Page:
In a case report of CJD in which Hashimoto’s encephalitis was proposed as a differential diagnosis, cerebrospinal fluid (CSF) 14-3-3 protein detection was performed to support CJD diagnosis(5). This was not possible to perform due to unavailability in our clinical center. Detection of 14-3-3 and Tau protein are tests which, associated with an adequate clinical context, are of great utility to support CJD diagnosis(6). Sensory peripheral compromise was the reason for consultation and initial symptom of this patient. Besides not being described among the typical clinical features of CJD, there have been reported cases associated with peripheral neuropathy, either being part of the clinical features or preceding them. The importance of this association remains undetermined and it is believed that the frequency of this symptom is underestimated(7). Other atypical symptoms reported in this disease are insomnia and psychiatric symptoms. There have been reported cases in which insomnia with psychomotor agitation or mood and personality disorders, were initial symptoms of CJD, preceding typical features such as cognitive deterioration or cerebellar syndromes(8,9). In a retrospective review of 126 CJD cases they found that 80% had psychiatric symptoms (depression, anxiety, psychosis, behavior change, sleep disturbance) among the first 100 days of the disease and 26% at the moment of consultation.(10)


As the disease progressed, the cerebellar compromise and myoclonus accentuated, developing subsequently a rapidly progressive dementia. With these clinical features suggesting CJD, it was indispensable to perform an MRI and EEG, both being necessary tools to establish CJD as a probable diagnosis, which can only be confirmed by neuropathological and/or immunocytochemistry analysis. Diffusion MRI showed alteration of basal ganglia, pulvinar nuclei and dorsomedial nucleus of the thalamus, being this an infrequent pattern that can be present in sporadic CJD(11) . It is noteworthy that imaging findings found in sporadic CJD, match those found in familial CJD(12) (Figure 1). As other etiologies were ruled out and considering the clinical course associated with the imaging findings, it is possible to establish CJD as the most probable diagnosis, coinciding with the outcome of this disease with akinetic mutism.


Considering the important family health history, is reasonable to propose familial CJD with a punctual mutation such as E200K, for chilean clinical-epidemiological and genetic studies have proved a significant prevalence of familial forms of CJD surpassing the 30%, of which all of them have been linked to codon 200 heterogeneity.(13)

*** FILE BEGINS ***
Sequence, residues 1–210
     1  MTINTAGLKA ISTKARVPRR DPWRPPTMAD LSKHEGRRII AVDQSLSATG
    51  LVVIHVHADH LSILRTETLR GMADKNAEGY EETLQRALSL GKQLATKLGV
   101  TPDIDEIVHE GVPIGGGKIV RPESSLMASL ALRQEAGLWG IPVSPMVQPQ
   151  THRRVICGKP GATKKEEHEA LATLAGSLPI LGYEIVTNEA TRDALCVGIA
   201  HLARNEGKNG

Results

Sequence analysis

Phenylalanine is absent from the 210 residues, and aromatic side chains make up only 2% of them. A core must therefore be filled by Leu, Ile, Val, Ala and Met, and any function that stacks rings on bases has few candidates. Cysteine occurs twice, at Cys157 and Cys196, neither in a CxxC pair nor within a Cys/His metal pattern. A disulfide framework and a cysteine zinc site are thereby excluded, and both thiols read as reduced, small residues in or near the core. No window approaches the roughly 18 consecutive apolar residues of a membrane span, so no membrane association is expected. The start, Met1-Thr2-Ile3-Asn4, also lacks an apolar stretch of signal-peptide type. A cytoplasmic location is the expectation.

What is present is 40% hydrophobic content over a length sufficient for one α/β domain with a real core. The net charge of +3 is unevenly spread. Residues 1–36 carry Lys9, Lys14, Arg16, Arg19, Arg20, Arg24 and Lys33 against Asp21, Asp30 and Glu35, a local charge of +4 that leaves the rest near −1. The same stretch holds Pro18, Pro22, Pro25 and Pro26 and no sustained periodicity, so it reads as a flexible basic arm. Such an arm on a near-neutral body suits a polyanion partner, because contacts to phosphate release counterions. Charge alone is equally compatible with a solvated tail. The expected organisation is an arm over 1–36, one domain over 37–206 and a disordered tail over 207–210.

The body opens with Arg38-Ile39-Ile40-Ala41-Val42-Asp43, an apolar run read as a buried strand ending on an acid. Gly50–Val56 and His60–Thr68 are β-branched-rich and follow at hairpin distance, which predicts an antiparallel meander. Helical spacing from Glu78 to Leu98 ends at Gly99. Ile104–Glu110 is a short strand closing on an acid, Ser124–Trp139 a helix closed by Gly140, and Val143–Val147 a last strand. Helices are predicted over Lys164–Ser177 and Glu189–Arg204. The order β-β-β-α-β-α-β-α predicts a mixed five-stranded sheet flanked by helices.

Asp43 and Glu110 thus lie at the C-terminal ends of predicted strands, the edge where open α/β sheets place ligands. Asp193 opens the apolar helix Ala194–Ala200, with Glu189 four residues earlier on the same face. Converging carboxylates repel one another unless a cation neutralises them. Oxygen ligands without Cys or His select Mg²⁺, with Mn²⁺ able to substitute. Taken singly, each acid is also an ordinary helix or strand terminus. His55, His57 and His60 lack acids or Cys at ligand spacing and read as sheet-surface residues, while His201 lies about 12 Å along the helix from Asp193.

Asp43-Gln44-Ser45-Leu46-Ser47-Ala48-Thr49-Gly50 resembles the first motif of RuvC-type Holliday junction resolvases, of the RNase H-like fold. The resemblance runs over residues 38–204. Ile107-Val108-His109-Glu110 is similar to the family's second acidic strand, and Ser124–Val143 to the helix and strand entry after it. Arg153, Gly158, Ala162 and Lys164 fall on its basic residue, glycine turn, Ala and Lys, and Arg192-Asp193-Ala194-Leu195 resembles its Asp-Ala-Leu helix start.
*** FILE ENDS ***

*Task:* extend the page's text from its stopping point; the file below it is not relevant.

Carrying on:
Mutation E200K can be associated with both methionine/valine and methionine/methionine genotypes. These are often associated with ataxic syndrome and can include in occasions peripheral neuropathies, which concurs with our case.(3)


It is important to maintain a line of study about CJD, due to the variety of clinical features that can present and the lethality that this disease entails. It is necessary to have the clinical suspicion when facing a CJD case, for which is important to consider both typical and atypical presentations.


Besides the high incidence in Chile, there are numerous institutions in which it is not possible to perform diagnostic studies such as 14-3-3 and Tau protein detection in CSF. Additionally, in our region there are no centers that perform post-mortem studies, making it necessary to implement these diagnostic tools and enable centers, thus contributing solidly to the approach and diagnosis of CJD along the country.


Amongst the most promising tests, there is the real time quaking induced conversion (RTQuIC) assay for the detection of PrP Sc aggregates. Although more investigation is required to determine its potential, there are studies in which it had almost 100% sensibility and specificity, in less than 24 hours, to diagnose sporadic CJD.(14)


Early stage diagnosis of CJD will not allow it to change its clinical course, but it will make it possible to approach it in a better manner and propose, with the patient’s family, actions to relieve psychological burden and improve quality of life during the disease, thus an optimal healthcare can be provided to the particular necessities of each patient, resources can be optimized and the comprehension of this disease can be improved.




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(2023). Sensory compromise and peripheral polyneuropathy as intial manifestation of Creutzfeldt-Jakob disease. About a case..Journal of Neuroeuropsychiatry, 57(4).
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2023. « Sensory compromise and peripheral polyneuropathy as intial manifestation of Creutzfeldt-Jakob disease. About a case.» Journal of Neuroeuropsychiatry, 57(4). 129
(2023). « Sensory compromise and peripheral polyneuropathy as intial manifestation of Creutzfeldt-Jakob disease. About a case. ». Journal of Neuroeuropsychiatry, 57(4). Available in: 129 ( Accessed: 6diciembre2023 )